thening illness or terminal illness. in another carnation i was a aids activist and worked in the project, we're talking about vehicle fatalities, suicides. we do not do homicides, the public health does a tremendous job doing homicides. question provide support, but there is six nonvehicle accidental deaths and 14 others. let's break it down a little bit so you can see what i'm talking. about here here is what we actually do. we work with suicide, from suicide prevention, we refer to them. we're about there between two and eight hours working with paramedics, fire officials, police officers and of course, the medical examiner's office and at times, of course, with the department of public health. we deal with issues of violence, obviously we don't do
homicide. if there are catastrophic injuries or limb loss, we can be called on based on request. natural end of life and terminal illness for adults and seniors and perhaps one that is very dramatic and difficult even for our volunteers is to deal with as i said, sudden infant death and incidents dealing with infants, children, and youth. the other thing is how does this loss affect, who in fact are the survivors? immediate family, extended family and friends, neighbors and neighborhoods, schoolmates, co-workers and unrelated witnesses. so the impact of traumatic loss ebbs out from the moment that loss takes place. some of the things that survivors can face is the decedent's body is placed for many hours awaiting transportation or transport anywhere between four to eight hours. we also face tragedy, they're
all alone, are overwhelmed by well-meaning friends and neighbors, people crowd around grieving in a public place with onlookers and reporters. i tell you, i have had to back them off. i'm out on the streets, as old as i am, i'm out there marching around. people can't think clearly to pick up the phone and on and on and on. if you have had a loss in your life, you know what it feels like. you know the trout process. survivors really face a fork in the road. when san francisco crisis care program, some find a path to healthy fulfilling productive new lives because we actually act like lightning rods that help present the gift of witness and presence and we can sort of hold people. many people sort of wander off without this support into depression, trauma, suicide ideation, substance abuse, alcohol, domestic violence, school failure, job loss,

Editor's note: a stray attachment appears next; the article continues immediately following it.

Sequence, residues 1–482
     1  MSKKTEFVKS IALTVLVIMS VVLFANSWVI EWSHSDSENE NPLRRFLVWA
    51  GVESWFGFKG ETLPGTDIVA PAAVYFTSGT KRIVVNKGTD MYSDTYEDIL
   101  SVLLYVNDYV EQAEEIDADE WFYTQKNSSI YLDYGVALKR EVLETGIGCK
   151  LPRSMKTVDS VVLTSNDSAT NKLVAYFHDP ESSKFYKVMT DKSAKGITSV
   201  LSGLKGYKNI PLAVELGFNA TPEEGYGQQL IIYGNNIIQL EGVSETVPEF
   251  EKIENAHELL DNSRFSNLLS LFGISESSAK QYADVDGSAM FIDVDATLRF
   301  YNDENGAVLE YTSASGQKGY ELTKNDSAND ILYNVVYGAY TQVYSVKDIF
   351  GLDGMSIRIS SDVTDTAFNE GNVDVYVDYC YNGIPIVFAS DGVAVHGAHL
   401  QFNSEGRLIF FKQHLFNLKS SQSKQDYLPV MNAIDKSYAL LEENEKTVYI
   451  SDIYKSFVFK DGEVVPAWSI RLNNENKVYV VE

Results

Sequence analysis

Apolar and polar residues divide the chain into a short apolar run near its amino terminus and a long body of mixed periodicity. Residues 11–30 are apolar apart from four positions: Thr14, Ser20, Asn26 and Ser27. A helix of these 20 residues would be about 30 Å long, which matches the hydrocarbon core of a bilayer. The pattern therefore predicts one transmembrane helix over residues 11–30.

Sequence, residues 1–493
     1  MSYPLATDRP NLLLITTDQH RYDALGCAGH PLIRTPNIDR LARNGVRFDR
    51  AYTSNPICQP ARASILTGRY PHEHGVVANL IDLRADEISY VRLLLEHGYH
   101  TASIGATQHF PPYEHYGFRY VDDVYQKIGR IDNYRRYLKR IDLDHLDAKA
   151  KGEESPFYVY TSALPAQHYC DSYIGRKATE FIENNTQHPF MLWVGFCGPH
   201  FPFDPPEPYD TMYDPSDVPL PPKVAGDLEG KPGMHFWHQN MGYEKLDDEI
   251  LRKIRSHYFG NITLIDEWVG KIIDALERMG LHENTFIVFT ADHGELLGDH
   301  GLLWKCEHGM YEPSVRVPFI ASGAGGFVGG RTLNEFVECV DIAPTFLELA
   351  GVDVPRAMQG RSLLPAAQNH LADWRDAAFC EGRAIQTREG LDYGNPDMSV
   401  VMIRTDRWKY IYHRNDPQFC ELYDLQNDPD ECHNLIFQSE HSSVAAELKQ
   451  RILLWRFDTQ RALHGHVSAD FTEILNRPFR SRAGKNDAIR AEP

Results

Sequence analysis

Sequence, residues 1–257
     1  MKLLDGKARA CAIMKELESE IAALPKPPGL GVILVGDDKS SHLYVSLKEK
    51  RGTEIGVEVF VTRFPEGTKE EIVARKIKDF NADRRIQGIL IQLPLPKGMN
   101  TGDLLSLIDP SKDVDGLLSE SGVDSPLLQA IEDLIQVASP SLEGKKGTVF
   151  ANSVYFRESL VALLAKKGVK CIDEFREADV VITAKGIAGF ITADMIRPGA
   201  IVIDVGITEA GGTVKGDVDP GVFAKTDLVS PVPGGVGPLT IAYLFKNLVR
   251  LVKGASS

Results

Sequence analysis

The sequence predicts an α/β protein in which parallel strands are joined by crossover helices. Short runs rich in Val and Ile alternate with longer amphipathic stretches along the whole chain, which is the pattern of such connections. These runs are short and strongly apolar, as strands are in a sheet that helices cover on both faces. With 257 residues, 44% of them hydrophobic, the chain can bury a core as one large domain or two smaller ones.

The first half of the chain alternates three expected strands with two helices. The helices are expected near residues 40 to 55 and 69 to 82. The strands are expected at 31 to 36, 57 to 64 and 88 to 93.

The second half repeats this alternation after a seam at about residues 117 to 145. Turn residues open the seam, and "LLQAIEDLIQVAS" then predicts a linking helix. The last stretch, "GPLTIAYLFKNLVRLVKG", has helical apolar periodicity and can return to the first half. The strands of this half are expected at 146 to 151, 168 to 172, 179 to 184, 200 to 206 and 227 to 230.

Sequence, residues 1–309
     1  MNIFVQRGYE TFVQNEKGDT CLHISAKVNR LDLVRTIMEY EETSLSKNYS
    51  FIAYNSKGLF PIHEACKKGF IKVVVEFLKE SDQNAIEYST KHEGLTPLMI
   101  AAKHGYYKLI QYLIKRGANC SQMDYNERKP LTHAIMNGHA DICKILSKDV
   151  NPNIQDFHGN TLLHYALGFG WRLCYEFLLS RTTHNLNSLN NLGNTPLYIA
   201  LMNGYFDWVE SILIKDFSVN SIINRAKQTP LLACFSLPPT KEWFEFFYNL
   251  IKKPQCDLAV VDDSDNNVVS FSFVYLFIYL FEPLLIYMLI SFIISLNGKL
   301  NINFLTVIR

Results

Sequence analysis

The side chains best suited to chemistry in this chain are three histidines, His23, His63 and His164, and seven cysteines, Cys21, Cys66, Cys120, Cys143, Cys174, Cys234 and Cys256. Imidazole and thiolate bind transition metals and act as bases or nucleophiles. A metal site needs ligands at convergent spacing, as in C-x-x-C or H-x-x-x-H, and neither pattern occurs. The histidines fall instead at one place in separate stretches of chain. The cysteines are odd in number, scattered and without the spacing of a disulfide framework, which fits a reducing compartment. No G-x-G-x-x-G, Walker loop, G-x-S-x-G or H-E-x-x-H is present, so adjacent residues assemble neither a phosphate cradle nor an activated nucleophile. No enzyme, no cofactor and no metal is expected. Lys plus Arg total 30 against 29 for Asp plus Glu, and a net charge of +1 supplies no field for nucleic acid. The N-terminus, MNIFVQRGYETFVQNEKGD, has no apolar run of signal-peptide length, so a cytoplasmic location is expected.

family breakdown, hopeless and other high risk behaviors. without support, our coping mechanisms as human persons are demolished. if the union between two people that love each other, families and friends and significant others, this is the kind of psychic wound to the sirt and to the soul that takes place. what do we actually do? let's get down specifically? san francisco crisis care fills a missing niche of emotional support to survivors at the very time of fatal incident. now, remember, you notice they didn't say spiritual care. i didn't say mental care. i didn't say physical care. i said emotional support which means as human beings, we need a humanitarian response to these kinds of losses. we draw from all of the disciplines of experience and science and of faith. the other piece is that we, san francisco crisis care filled a missing niche of practice contact support to survivors by bridging them to the safety net
of san francisco providers onsite as they happen, including to our friends here intentionally at the department of public health, the fire department, everybody, and of course the safety net of providers that are incredible in the city. you know them. you know them quite well. san francisco crisis care gives paramedics, fire officials, police officers, and medical examiner's office another tool in the toolbox for survivors at the time of sudden and unforeseen death and loss. i am going to stop there and ask david vincent who is the director to come up and finish off before i end with a last word. david. >> thank you, christoph and thank you survivors for allowing me to be here. a little bit of background on community crisis care. the first program in a major city started in san diego, it was started about 25 years
oogs. it was a pilot program that was launched by a group of police officers in partnership with the community and their thought goes back to that fork in the road that christoph mention aid few mention ago. they would go out on these scenes of a heart attack or respiratory failure or whatever and see if there was no one there for the survivors. they piloted this program. it was successful very quickly. in 25 years, you see the orange county intervention program in partnership with muni palts with los angeles county, riverside crisis program, sacramento, portland, seattle, las vegas, phoenix, but there giant gap here on the west coast and that is here in the bay area. so a couple of years ago, we began assembling a coalition here in san francisco to start a model program for the bay area. essentially, as christoph